Billie Joe Armstrong Was On Meth While Writing Green Day’s Worst Song Ever

Green Day frontman Billie Joe Armstrong discussed the one song he wrote while on meth in a new interview with Song Exploder Podcast.

During his recent appearance, Armstrong broke down how the song came about and even shared the music from his initial 4-track demo with the original lyrics in place.

Apparently, it was one of the worst songs he has ever written under the influence of meth. Referring to their hit ‘Basket Case,’ the frontman confessed:

“The true confession is I was on crystal meth when I wrote the lyrics to it. And I thought I was writing the greatest song ever… As you know, with drugs, they wear off. And then, I felt like I’d written the worst song ever.”

He then went on to confess that he had written songs on drugs before too, later comparing them to ‘Basket Case’:

“I thought that the lyrics were just embarrassingly bad. I had a few songs before that I’d written on drugs, but this one was the most pitiful I felt after.”

‘Basket Case’ Initially Had Different Lyrics

As the frontman stated during the podcast episode, the original lyrics were supposed to be for a ‘love song.’ While sharing the original 4-track demo of the track, the original lyrics for his ‘love song’ were as follows:

“I really don’t know / Where this story began / My friend Houston had got himself a girl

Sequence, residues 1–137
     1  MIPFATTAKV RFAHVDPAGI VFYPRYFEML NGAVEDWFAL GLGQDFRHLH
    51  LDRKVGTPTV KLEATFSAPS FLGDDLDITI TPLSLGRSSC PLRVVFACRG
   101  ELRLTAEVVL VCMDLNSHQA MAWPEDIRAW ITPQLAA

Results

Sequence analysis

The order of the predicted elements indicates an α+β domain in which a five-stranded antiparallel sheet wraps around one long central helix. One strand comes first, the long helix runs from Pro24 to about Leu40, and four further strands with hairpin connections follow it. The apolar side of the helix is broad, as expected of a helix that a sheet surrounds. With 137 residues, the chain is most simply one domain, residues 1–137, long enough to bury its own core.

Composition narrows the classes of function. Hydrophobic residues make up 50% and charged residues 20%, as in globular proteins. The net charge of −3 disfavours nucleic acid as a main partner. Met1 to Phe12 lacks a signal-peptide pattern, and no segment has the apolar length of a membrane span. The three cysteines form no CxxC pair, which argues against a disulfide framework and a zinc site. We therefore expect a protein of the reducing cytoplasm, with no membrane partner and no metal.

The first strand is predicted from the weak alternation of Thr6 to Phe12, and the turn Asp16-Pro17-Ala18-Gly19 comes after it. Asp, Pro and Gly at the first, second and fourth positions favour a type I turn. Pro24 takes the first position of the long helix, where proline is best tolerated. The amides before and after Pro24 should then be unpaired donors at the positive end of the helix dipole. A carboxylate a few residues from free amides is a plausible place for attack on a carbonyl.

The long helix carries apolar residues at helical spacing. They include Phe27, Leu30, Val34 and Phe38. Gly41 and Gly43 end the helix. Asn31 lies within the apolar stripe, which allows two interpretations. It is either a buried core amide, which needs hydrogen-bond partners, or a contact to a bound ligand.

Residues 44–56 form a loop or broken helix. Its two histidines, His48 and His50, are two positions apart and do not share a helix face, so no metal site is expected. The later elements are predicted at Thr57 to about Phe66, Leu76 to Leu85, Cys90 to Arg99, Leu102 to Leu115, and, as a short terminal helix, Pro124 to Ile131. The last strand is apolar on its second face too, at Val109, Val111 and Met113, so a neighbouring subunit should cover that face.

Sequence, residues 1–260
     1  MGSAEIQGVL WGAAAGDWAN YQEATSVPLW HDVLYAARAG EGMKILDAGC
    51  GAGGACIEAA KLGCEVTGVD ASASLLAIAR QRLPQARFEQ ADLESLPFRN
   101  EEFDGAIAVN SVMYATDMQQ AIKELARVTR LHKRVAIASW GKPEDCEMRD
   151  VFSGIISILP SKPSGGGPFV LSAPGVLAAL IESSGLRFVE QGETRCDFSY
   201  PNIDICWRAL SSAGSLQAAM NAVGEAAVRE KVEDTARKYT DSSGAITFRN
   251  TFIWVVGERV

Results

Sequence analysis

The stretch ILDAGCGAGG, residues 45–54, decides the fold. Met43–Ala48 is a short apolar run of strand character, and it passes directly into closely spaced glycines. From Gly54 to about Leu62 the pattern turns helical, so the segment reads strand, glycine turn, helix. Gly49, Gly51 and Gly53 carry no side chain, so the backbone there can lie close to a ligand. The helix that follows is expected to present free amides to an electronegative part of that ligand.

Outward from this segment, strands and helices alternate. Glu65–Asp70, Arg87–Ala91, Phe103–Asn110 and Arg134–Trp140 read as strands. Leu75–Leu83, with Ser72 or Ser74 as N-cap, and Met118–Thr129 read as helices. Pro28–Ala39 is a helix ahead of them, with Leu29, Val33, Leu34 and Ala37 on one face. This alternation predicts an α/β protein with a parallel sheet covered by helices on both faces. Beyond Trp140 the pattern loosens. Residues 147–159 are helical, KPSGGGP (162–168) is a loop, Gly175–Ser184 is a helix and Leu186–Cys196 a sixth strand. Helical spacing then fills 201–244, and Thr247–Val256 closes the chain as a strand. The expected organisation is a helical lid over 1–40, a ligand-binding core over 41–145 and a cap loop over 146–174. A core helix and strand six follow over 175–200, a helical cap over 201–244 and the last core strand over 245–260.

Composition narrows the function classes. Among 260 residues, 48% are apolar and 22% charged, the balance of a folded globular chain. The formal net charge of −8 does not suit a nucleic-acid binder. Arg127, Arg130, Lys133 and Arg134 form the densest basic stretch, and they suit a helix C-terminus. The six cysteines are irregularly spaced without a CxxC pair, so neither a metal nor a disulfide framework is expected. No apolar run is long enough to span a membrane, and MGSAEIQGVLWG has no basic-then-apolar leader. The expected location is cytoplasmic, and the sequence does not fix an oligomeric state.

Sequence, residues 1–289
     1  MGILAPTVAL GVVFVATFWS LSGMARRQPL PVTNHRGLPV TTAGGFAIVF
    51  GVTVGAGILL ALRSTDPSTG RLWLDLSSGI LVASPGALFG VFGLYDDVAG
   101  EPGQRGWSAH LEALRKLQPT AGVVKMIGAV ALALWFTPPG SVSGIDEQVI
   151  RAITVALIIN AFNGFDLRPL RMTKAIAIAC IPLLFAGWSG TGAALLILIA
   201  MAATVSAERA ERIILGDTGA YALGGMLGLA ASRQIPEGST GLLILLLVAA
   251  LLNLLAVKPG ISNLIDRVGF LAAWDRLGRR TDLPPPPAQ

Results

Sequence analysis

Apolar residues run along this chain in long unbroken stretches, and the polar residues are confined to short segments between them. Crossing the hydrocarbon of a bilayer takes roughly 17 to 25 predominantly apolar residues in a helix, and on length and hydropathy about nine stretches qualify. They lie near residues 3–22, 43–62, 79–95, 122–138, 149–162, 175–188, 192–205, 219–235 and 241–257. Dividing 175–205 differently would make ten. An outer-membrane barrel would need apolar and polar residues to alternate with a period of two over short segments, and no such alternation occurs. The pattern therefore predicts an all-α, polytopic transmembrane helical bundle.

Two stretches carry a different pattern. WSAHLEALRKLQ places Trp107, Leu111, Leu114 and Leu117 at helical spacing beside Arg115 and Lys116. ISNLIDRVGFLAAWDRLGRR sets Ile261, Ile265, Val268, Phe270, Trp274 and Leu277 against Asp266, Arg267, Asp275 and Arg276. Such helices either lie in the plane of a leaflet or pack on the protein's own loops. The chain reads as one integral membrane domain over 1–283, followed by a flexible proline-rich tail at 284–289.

Swanky is her name / She’s got the best of him / And he’s got the best of her in the palm of their hands

And they could care less what’s coming up / Sometimes the future doesn’t have much luck / This wigged-out thing called love / It may get kinda rough / And they don’t really mind / They’re on their own

They said this has been / Motionless orbit flight / Around each other intoxicating their minds

Dancing in the street / Under suburban lights / They stumbled to the concrete without a hurt

They’re on their own, own.”

How ‘Basket Case’ Came Together

According to Armstrong’s account, he managed to earn some money during the Kerplunk! tour and decided to invest it in a new amp and a 4-track recorder. His intention was to teach himself how to record demos. The band might have changed the lyrics eventually, but they kept the melody the same. Armstrong explained:

“I had this melody lingering in my mind for a while, and I wanted to create a grand song about a love story. It was around 1993, early ’93, when I initially wrote the song.”

He added:

“I envisioned the song having an introduction resembling a ballad that would seamlessly transition into the full band, giving it a more rocking vibe. To achieve the drum sound, I even used a beatbox effect with my mouth.”

You can hear the demo of ‘Basket Case’ below.